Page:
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New Pill to Treat Skin Cancer

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Melanoma related image Photo: Getty Images

Scientists have developed a pill that could significantly affect the treatment and prognosis for those suffering from malignant melanomas, the most aggressive and deadliest form of skin cancer.

Researchers believe that the pill – RG7204 – is able to shrink tumors by 80 percent. Patients with advanced malignant melanomas who begin the drug could have their lives extended by an extra seven months. Previously, there had been limited treatment options available.

A phase III clinical study led by the Royal Marsden Hospital in London was recently completed with optimistic results showing significant survival rates for those suffering malignant melanomas. Any side effects, such as sensitivity to light and rashes, were mild.

Scientists were able to decode human DNA which highlighted a genetic flaw, known as a BRAF mutation, present in approximately half of all malignant melanomas. This flaw spurs the cancer cells to grow and multiply, spreading throughout the body. RG7204 was designed to hunt out and block this flawed gene, consequently shrinking tumors.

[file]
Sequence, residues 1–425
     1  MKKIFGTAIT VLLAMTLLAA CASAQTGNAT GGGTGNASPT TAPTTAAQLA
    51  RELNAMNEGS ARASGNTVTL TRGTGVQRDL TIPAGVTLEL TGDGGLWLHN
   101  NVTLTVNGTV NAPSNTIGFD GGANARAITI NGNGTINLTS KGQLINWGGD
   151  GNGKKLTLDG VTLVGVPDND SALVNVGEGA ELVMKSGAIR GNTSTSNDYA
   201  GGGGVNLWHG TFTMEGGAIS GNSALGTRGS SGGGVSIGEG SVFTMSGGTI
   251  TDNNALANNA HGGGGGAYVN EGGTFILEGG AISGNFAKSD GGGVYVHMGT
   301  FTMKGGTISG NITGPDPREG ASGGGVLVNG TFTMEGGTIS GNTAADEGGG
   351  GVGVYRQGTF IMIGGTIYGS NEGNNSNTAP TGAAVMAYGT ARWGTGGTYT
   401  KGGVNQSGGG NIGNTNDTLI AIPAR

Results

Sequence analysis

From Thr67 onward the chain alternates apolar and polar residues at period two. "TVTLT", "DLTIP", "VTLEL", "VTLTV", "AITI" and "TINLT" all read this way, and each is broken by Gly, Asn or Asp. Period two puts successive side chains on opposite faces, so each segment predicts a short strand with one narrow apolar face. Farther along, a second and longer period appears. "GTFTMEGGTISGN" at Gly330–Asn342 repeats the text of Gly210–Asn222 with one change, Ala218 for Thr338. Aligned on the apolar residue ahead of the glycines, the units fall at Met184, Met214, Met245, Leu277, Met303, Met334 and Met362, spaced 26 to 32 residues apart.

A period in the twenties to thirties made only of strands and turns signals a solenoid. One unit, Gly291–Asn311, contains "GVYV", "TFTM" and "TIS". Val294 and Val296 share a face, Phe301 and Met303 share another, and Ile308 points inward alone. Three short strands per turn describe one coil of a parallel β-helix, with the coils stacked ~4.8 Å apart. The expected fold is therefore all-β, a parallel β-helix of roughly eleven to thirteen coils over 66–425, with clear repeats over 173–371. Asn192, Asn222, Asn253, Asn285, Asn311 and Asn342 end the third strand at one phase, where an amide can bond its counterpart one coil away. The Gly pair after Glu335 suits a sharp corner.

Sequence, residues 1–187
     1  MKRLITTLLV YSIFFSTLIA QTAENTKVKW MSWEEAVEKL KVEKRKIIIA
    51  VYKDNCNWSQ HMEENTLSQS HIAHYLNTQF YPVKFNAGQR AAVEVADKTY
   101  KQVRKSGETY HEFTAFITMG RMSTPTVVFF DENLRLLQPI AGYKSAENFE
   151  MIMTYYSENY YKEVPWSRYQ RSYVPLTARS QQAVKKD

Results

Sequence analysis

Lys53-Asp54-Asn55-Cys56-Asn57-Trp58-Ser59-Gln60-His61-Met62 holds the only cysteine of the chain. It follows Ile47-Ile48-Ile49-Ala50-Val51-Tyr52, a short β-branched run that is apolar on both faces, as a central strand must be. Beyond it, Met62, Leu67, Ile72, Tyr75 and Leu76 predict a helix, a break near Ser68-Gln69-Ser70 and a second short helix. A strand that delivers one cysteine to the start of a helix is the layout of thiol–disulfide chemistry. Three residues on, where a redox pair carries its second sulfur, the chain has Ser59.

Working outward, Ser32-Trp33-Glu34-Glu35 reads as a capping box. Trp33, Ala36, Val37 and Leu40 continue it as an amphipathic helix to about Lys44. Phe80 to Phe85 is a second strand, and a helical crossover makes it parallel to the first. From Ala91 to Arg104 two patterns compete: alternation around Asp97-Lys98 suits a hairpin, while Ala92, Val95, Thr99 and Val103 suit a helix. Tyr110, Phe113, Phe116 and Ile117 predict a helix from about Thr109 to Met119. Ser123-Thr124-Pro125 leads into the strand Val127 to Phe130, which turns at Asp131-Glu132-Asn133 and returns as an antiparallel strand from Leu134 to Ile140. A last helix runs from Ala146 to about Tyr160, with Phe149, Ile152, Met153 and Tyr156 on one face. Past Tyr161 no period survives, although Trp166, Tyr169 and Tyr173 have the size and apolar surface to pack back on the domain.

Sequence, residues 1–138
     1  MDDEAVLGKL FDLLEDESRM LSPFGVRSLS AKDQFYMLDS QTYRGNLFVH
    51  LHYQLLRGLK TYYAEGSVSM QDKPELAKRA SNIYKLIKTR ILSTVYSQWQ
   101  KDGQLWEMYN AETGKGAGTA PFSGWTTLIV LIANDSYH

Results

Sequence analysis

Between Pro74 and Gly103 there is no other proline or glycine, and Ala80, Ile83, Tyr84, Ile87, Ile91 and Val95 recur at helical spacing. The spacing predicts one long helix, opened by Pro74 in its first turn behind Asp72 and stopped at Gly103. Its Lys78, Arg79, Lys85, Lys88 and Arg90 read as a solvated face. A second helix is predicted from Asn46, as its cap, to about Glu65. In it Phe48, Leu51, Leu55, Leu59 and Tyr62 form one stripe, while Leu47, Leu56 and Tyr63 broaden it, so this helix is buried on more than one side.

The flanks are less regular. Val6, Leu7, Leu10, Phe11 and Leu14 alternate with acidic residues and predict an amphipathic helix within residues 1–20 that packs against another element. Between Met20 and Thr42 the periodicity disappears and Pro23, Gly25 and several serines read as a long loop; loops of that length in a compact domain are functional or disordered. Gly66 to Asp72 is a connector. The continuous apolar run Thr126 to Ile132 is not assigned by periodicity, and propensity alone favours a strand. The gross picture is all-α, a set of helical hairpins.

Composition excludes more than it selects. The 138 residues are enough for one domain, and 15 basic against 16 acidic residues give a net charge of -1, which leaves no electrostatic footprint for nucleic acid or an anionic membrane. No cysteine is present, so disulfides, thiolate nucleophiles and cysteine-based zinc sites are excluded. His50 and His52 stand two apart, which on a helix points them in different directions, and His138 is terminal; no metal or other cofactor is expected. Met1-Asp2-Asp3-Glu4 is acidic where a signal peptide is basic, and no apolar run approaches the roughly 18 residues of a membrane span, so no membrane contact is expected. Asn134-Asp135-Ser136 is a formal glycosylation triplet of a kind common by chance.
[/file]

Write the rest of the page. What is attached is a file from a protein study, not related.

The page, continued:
The drug is being manufactured by Roche, headquartered in Basel, Switzerland, which hopes to be able to have the pill available in 2012.

“This is an incredibly exciting breakthrough. With a growing incidence of melanoma in younger people, the results of this trial are very encouraging. The drug shows a dramatic a dramatic degree of activity in this disease,” said Dr. James Larkin, lead researcher.

“It is a very difficult disease to treat once it has spread – not since the 1970s has there been a significant breakthrough in malignant melanoma."

Professor Richard Marais, from the Institute of Cancer Research explained, “These results represent a paradigm shift in melanoma treatment and will change how we approach the treatment of the disease”.

Findings from the recent trial of 700 patients at the Royal Marsden Hospital and other cities internationally are due to be released soon.

As the results have been so significant those patients in the trial who were being treated with standard chemotherapy will now be offered the new pill in an attempt to decrease their malignant tumors.

According to the American Cancer Society, approximately 68,720 new cases of melanoma are diagnosed each year with 8,650 of those resulting in death. One person dies from melanoma every hour. Rates of malignant melanoma have risen over the last 25 years — more than any other cancer. More than half of these cases will have the BRAF mutation which drives the cancer cells to grow.

Source: http://www.royalmarsden.nhs.uk/news-events/news/20110119

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